With the bloom off the pure-play e-commerce rose, two big name e-tailers Amazon.com Inc. and Buy.com Inc. last week announced strategies to achieve profitability sooner, including layoffs and the refocusing of resources on core business.
The two leaders in pure-play e-commerce may be bellwethers of what is to come for others in the troubled online business-to-consumer market, observers said.
"Dot-com retailers will be valued and measured the way traditional retailers are," said Gene Alvarez, program director for electronic business strategies at the Meta Group Inc., in Stamford, Conn. "Many of the pure plays are gone now and anyone who is left standing is focused on achieving profitability."
Pure plays lack the advantages of their click-and-mortar counterparts, analysts said.
"What has become painfully obvious is that no matter how state-of-the-art your Web platform is, it doesn't replace being close geographically to your customers," said Kneko Burney, a research manager at Cahners In-Stat Group, a Scottsdale, Ariz.-based think tank. "People like to interact with each other."
E-tailers are trying a number of strategies to focus their business To make their numbers, pure plays may resort to layoffs.
"They'll be doing it by downsizing," Alvarez said. "You'll see more layoff announcements."
Amazon.com last week slashed its work force by 15 percent, laying off 13,000 employees, and announced it would shut down a distribution center and a customer service center. Another distribution center will move to only seasonal operation.
"I don't think it bodes well for the company to have closed its distribution center in Georgia and its customer service center in Seattle," said Jack Staff, chief economist at Zona Research Inc., in Redwood City, Calif.
Staff said Amazon has been hurt by three things: an analyst warning last spring, a modest holiday season with notably slow delivery times, and ongoing issues with distribution. But the jury is still out on whether or not the e-tail giant will be mortally wounded by these issues.
"We just have to wait and see," Staff said.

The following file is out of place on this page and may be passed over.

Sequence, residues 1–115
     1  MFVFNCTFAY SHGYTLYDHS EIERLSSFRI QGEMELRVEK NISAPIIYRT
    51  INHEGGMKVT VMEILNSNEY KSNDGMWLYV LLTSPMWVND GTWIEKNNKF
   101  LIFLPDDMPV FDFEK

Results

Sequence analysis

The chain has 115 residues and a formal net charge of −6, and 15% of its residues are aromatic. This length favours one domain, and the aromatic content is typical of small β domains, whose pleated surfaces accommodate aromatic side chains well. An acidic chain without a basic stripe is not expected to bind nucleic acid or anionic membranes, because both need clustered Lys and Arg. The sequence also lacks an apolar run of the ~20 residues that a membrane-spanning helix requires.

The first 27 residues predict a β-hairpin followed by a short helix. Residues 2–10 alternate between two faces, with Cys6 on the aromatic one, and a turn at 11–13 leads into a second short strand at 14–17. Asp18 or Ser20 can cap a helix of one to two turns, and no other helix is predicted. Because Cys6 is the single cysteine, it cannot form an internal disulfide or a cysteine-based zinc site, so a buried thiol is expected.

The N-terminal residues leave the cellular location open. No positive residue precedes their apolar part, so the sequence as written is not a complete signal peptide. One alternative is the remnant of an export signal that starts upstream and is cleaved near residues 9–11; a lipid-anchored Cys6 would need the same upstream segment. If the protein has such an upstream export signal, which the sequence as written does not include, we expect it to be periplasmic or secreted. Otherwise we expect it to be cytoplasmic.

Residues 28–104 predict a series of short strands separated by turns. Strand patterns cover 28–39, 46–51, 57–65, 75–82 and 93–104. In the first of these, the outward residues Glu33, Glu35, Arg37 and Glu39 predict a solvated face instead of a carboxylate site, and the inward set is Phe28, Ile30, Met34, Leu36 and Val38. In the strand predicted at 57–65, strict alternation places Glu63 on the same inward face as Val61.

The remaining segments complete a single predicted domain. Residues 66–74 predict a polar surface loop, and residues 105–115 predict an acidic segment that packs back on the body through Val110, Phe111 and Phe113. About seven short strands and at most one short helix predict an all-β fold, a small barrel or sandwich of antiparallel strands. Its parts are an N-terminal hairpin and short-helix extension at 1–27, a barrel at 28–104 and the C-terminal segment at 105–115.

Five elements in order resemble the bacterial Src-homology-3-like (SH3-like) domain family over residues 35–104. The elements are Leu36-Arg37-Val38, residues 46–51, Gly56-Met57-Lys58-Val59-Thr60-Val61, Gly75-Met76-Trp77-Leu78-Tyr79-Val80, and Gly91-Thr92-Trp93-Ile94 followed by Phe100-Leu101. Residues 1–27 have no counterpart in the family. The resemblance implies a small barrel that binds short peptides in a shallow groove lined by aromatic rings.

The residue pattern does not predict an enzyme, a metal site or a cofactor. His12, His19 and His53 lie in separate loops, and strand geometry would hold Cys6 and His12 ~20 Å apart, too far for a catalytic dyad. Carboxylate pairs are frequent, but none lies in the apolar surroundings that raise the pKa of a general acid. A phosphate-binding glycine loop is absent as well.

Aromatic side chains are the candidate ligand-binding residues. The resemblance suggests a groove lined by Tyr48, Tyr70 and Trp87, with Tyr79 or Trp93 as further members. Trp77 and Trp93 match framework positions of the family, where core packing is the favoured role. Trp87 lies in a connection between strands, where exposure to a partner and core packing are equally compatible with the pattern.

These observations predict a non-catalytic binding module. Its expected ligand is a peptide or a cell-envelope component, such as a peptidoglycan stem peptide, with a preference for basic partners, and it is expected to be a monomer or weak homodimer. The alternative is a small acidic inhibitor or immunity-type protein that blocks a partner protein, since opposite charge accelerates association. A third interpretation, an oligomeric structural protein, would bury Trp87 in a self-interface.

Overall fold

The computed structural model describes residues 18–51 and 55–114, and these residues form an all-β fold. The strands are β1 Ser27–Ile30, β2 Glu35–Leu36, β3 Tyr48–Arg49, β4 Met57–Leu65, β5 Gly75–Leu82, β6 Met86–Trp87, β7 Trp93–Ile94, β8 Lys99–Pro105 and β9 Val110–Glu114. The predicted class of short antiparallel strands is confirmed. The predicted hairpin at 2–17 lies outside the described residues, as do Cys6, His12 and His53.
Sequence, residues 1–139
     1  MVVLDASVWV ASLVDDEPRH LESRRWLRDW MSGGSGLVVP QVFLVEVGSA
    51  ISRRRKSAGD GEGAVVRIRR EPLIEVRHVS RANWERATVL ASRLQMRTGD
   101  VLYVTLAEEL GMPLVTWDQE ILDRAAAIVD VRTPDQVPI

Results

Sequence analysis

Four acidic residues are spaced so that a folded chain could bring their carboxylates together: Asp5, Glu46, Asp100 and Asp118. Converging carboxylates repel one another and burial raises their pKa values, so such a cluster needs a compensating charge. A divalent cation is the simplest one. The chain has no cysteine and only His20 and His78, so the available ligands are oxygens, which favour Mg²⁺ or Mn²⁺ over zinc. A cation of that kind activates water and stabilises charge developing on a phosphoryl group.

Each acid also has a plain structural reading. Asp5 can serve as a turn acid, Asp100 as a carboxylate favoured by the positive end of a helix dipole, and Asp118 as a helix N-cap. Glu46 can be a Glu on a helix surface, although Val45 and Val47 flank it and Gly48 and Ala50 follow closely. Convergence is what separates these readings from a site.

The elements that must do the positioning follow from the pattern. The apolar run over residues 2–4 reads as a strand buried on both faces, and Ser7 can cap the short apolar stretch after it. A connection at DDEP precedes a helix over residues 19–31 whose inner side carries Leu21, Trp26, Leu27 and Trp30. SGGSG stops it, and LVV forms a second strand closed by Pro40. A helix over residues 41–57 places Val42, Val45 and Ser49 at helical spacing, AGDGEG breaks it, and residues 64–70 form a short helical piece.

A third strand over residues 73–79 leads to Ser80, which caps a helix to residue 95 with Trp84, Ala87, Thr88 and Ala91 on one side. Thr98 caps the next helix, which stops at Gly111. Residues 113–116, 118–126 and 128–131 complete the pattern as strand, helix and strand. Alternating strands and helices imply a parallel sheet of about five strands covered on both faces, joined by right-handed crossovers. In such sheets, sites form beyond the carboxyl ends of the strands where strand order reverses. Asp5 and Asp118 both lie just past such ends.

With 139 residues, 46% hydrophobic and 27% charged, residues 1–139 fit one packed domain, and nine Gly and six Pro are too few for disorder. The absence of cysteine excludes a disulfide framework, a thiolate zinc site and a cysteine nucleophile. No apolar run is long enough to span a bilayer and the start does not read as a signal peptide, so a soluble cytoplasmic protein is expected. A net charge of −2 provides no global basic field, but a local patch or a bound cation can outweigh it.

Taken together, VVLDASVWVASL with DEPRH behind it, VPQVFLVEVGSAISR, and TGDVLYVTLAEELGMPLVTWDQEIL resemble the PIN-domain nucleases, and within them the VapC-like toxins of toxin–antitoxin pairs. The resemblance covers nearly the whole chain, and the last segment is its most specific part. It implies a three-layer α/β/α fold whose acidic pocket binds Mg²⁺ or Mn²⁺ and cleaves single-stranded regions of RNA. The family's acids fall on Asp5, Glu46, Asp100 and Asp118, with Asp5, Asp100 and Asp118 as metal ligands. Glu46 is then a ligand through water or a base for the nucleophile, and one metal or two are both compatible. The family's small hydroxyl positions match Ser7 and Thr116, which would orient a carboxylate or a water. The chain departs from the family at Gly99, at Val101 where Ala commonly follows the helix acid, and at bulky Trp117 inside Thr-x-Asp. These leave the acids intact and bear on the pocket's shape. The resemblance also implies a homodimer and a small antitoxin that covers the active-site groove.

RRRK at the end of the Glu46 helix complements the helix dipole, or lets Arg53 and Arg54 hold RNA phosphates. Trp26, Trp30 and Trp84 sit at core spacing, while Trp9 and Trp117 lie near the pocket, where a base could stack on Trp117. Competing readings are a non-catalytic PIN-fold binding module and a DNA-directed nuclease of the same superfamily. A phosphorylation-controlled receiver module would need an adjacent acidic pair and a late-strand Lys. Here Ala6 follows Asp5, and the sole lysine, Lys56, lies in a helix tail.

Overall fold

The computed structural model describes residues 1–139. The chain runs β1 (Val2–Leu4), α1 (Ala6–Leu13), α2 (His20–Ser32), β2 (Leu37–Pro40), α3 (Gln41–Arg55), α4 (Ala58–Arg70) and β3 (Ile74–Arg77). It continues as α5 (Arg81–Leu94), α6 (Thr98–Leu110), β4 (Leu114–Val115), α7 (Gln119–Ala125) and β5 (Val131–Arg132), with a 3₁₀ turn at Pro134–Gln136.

Buy.com cut its work force by just 25 workers, the company announced in its fourth quarter earnings statement last week. The move was part of a much larger strategy to achieve profitability by the fourth quarter of 2001.
To reach the goal, Buy.com executives said the company would focus on its technology and consumer electronics products, which it considers core to its business model and which yield higher margins than its entertainment store business.
In addition, Buy.com expects to save money by shifting its marketing efforts from traditional channels to online.
Buy.com plans to discontinue its Canadian operation on Feb. 2, and has signed a letter of intent to sell its U.K. operations. The company has already shut down its Australian operations.
The moves to become profitable sooner may be only the first wave as pure plays feel the pressure of a single channel in a contracting market.
"In April of last year, when the dot-com frenzy changed, that was the first sign of a wake-up call," Cahners In-Stat's Burney said. "Investors and people in the industry stepped back and recognized that just because you add a dot-com to a business model, that business model isn't necessarily a sure thing."
E-commerce sales tax is no sure thing this yearAlthough many are struggling for financial viability, e-commerce companies this year may sidestep a major Internet tax blow.
State government groups recently scaled back efforts to standardize sales tax collection across states with such a tax. That effort could have paved the way for lawmakers to begin demanding that Internet vendors collect sales tax owed.
States by 2003 could lose more than US$23 billion in uncollected sales tax on Internet purchases, according to estimates prepared by the Center for Business and Economic Research at the University of Tennessee.
To prompt more e-businesses to voluntarily collect sales tax on remote purchases -- which consumers owe but rarely submit on their own -- the National Conference of State Legislatures (NCSL) spearheaded an effort to make this collection easier. But Washington-based NCSL's efforts don't stretch beyond the administrative, proposing only such things as outlining a standardized mechanism that companies could use to remit sales tax on remote purchases.
Taken off the table were more controversial items such as a set of "uniform definitions." These common definitions would have dictated which food items, for example, are taxable -- just one area where states vary widely. "We would have met with a great deal of opposition," said Neal Osten, an NCSL committee director.
Lacking widescale uniformity, NCSL's Streamlined Sales Tax Project (SSTP) will likely be used to coax more collection, but won't become a tool to convince Congress to mandate collection on e-commerce sales, most agree.
"For [NCSL] to say to Congress, 'Look at SSTP, we've simplified,' is going to be a much harder sell [without uniform definitions]," said Washington-based Stan Sokul, who represents the Direct Marketing Association.
Retailers are taking different approaches to adjust to a tough market.
* Pure plays cut costs to achieve profitability* Amazon.com cut 1,300 jobs, closed distribution and service centers, and expects to see fourth-quarter profitability* Click-and-mortars install Web kiosks* Staples.com, among others, plans to stem lost sales with Web kiosks in stores* Dot-coms purchase competitors to help consolidate strengths* CarsDirect.com gets a partnership with Amazon.com through its acquisition of Greenlight.com